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Letter: Let's Take a Look at Our Recent Property Tax Bills

May 22, 2016 07:22PM ● Published by Steven Jack

While we continue to wait for the Library District to come clean on its wasteful purchase of 19 North Street, let’s look at our recent property tax bills.  It sheds light on why we rank 29 of 3,143 counties nationally. 

The top prize goes to the Waubonsee Jr. College district which raised taxes 3.26%.  It can do this because it operates in secret.  When is the last time you read about its Board meetings? How does it get away with nominating only friends to the Board?  I’m a big fan of the Jr. College system in America—it gives many a second chance to succeed.  But I don’t like zero transparency of operations—that’s Waubonsee.

The Oswego Library District came in second (2.71% increase).  I guess they needed the money to buy 19 North Street which they purchased with great secrecy, and then continue to lie to us about its intended use.  Part of the tax hike went for the $25,000 more it paid then its own appraisal. Hey, it’s just your tax money.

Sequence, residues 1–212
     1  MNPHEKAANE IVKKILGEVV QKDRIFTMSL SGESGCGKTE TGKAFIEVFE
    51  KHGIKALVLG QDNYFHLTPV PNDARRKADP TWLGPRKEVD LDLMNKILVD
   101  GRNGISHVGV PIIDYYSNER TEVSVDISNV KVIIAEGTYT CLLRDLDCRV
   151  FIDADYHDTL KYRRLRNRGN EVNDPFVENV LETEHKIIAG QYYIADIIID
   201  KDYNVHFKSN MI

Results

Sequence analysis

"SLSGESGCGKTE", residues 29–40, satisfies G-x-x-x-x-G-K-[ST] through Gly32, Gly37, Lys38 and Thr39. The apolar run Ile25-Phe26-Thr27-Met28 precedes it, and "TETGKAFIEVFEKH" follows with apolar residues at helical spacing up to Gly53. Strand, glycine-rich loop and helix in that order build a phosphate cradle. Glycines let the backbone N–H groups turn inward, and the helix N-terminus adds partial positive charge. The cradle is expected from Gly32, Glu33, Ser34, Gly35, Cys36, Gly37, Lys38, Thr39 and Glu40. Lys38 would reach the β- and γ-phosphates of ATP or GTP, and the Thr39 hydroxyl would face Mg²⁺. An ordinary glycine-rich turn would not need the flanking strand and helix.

The Forest Preserve District came in third, with a 2.61% increase.  Here’s another taxing operation that contributes to our overwhelming tax bills.  A dirty secret is that they purchased lots of land that has no access (e.g., old farmland) which state law requires.  Huge increases to your soon-to-come tax bills are coming to build access.  It’s just another taxing body that never saw an expenditure it didn’t like. 

Tied for fourth (at 2.54%) is the County and Fire.  Some County Board members still haven’t paid back the illegal expense claims they got caught making.  One would think the Fire District would not need an increase with big, new stations.  What gives with both of them?

Then there’s the Oswegoland Park District coming in fifth (2.12%).  Having served on its Board, I know it must subsidize the $250,000/year golf course losses. The Board didn’t like my outsourcing plan, which would have guaranteed taxpayers $250,000/year in income.  

Instead they prefer a $250,000 loss and the bloated staff to support nearly 60 parks in Oswego. Some parks are the residue of perfectly good homes on my block, purchased way above appraised value, taken off the tax rolls forever, demolished at great cost, and then expensively created with gazebos and water fountains. Not bad for the handful of people that use those multi-million dollar facilities.  Amazing-and sad!

Thanks go to School District 308 which lowered its tax bill by 2.67%.  This is a welcome change. We urge the School District to continue to reduce costs. It can continue this trend by reducing its bloated administrative staff and near-highest Superintendent compensation from the entire state of Illinois.

Do you think more voters will take an interest in voting and in whom they are voting for in future elections?  I hope so, but wouldn’t bet on it. 

Leonard R. Wass, Oswego


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